Maurice Gibbs was indicted for the second degree murder of Russell Taylor in violation of R.S. 14:30.1. A jury of twelve returned a verdict of guilty as charged on September 8, 1976. Defendant was later sentenced to life imprisonment at hard labor. On appeal defendant relies upon six assignments of error for reversal of his conviction and sentence. Finding no merit to these assignments, we affirm.
An eyewitness testified that she heard voices in front of her house about noon and went to the door to see who it was. There she saw defendant arguing with the decedent. She went back inside her house, but returned about five minutes later, in time to see defendant shoot decedent in the head repeatedly.
Assignment of Error No. 3
In this assignment defendant contends the trial judge improperly limited his cross-examination of the State's principal witness, Bernita Holmes.
Ms. Holmes identified the perpetrator, whom she called "Reesey," as the defendant, a man she had known for about twenty-five years.
On cross-examination, defense counsel questioned the witness in an attempt to discredit the identification:
* * * * * *
When the trial resumed, defense counsel continued to question the witness as to when and under that circumstances she had seen the defendant over the past several years. Although receiving vague responses to these questions, the defense attorney abandoned that line of questioning and concentrated on ascertaining what Ms. Holmes had seen at the time of the shooting. The nature and extent of Ms. Holmes' familiarity with the defendant was never established.
Further, R.S. 15:494 provides: "It is not competent to impeach a witness as to collateral facts or irrelevant matter." Counsel was permitted to show that the witness only went to the sixth grade when she attended the same school the defendant had attended. He was not permitted to show the number of times she was "held back," nor when the witness "finished" school. The only possible relevance we can discern in the line of questioning which was terminated by the trial judge was a possible defect in the capacity of the witness to observe and relate facts. (Impeachment, 21 Loyola L.Rev. 346, 352 (1975)). A defect in the capacity of the witness is neither argued nor suggested in brief, and we find no error in the action of the trial court in sustaining the objection to the cross-examination on collateral facts and irrelevant matters.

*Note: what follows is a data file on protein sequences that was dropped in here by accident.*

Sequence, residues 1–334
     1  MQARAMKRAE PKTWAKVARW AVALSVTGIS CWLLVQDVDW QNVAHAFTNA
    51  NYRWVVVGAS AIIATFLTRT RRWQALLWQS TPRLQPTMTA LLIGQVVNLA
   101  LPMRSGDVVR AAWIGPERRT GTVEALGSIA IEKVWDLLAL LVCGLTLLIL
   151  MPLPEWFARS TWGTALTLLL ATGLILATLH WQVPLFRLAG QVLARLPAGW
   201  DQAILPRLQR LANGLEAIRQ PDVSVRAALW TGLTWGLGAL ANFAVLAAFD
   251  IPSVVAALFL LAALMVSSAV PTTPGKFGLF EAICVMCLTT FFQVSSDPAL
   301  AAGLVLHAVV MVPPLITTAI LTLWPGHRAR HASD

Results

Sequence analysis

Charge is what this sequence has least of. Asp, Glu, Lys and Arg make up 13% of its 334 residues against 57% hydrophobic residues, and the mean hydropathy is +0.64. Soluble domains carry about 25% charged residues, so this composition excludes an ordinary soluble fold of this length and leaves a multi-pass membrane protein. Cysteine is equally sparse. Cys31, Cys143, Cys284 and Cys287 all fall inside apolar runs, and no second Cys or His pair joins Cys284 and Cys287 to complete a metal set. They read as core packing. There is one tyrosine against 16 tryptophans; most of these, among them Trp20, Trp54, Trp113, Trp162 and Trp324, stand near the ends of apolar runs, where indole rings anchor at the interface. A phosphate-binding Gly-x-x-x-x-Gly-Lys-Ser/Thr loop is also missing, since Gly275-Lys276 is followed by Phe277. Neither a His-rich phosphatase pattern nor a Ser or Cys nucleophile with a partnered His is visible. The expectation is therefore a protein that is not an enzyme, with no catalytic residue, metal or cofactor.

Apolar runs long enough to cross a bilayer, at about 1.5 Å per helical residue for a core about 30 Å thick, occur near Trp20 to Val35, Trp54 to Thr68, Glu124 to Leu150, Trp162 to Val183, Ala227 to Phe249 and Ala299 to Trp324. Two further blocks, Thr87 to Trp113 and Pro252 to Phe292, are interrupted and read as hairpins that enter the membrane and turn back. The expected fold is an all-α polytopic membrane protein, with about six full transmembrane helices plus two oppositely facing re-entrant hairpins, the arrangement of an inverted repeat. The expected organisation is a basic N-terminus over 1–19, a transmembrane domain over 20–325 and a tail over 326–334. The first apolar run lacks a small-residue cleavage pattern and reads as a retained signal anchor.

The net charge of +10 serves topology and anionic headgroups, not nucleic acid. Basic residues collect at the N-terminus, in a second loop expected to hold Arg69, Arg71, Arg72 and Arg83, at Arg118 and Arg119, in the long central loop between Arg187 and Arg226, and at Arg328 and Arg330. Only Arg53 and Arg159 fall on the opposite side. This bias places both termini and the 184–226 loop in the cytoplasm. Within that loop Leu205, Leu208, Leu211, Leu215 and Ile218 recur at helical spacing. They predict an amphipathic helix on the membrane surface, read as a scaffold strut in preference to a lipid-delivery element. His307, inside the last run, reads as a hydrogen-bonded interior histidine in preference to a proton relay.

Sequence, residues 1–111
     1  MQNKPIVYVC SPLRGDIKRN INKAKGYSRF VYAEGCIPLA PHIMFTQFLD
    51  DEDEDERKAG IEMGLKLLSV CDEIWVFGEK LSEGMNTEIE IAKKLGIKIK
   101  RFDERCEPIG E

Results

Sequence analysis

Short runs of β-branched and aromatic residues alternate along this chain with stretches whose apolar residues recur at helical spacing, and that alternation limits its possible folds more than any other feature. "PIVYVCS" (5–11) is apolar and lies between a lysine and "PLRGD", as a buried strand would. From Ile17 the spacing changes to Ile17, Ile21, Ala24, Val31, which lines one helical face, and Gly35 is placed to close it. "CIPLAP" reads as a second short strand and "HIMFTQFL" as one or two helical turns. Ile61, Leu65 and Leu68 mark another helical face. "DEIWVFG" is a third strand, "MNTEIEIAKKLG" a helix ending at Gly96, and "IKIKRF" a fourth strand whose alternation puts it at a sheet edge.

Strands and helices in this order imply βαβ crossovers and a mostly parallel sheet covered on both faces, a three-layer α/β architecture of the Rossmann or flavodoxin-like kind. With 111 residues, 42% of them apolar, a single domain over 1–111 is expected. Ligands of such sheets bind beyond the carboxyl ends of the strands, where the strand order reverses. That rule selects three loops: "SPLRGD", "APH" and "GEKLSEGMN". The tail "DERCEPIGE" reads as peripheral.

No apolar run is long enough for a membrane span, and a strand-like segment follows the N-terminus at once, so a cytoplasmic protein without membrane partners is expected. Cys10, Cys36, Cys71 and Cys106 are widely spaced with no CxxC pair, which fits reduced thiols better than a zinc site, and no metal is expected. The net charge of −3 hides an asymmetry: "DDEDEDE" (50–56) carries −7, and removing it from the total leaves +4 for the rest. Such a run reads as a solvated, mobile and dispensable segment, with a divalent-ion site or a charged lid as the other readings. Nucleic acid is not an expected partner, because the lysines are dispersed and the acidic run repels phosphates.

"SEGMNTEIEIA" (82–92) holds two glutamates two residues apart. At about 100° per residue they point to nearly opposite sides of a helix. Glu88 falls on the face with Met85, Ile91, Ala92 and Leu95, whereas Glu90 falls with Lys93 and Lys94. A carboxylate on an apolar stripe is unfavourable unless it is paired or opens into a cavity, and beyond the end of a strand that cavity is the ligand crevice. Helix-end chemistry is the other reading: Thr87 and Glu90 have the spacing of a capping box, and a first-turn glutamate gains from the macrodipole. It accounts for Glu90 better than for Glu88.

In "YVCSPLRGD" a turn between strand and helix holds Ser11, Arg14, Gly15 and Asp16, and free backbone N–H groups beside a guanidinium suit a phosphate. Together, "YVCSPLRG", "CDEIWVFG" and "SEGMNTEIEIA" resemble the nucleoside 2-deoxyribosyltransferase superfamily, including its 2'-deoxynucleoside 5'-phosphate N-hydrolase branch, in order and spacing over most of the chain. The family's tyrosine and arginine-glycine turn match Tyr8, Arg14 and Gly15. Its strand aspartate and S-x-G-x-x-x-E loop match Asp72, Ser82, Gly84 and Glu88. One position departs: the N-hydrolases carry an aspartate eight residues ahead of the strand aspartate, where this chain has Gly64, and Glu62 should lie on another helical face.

Assignments of Error Nos. 6, 7 and 8
Three assignments are submitted complaining of the charge to the jury. However, the record does not conform to the objections argued in brief. The record seems not to contain a verbatim transcript of the charge as given, but includes copies of pages from the judge's notebook of charges, and some of defendant's requested charges, which bear notations indicating that some of the requested charges were given. For instance, the notation on defendant's requested charge # 6 (the entire article 804 of the Code of Criminal Procedure) is: "Granted Para # 2 read."
One of the charges to which defendant objected is patently erroneous and should not be given.
Finally, the requested charge as to identification evidence was not wholly correct and was adequately covered by the charge given.
These assignments are without merit.
Other Assignments of Error
The remaining assignments are insubstantial.
No. 1—Defendant does not show or even allege that a particular class of people has been discriminated against in the selection of the petit jury venire. State v. Daigle, 344 So.2d 1380 (La.1977). Therefore, we cannot say that use of voter registration lists and lists of volunteers as the sole source denied defendant a right to a jury of a cross section of the community.
No. 2—We have previously determined that C.Cr.P. 784 is applicable to the criminal courts in Orleans Parish, State v. Hoffman, 345 So.2d 1 (La.1977), and thus there was error in calling prospective jurors in the order their names appeared on a list submitted by the jury commissioner rather than by lot in open court. However, in Hoffman we ruled that our construction and reconciliation of C.Cr.P. 409.1 and 784 would only have prospective application to cases in which a jury panel was selected after Hoffman became final (April 26, 1977) except for cases that had been submitted to this court for decision by April 26, 1977 (this appeal was lodged in October, 1977). Therefore, Hoffman has no application to the instant case.
For the reasons assigned, defendant's conviction and sentence are affirmed.
SANDERS, C. J., and SUMMERS and MARCUS, JJ., concur.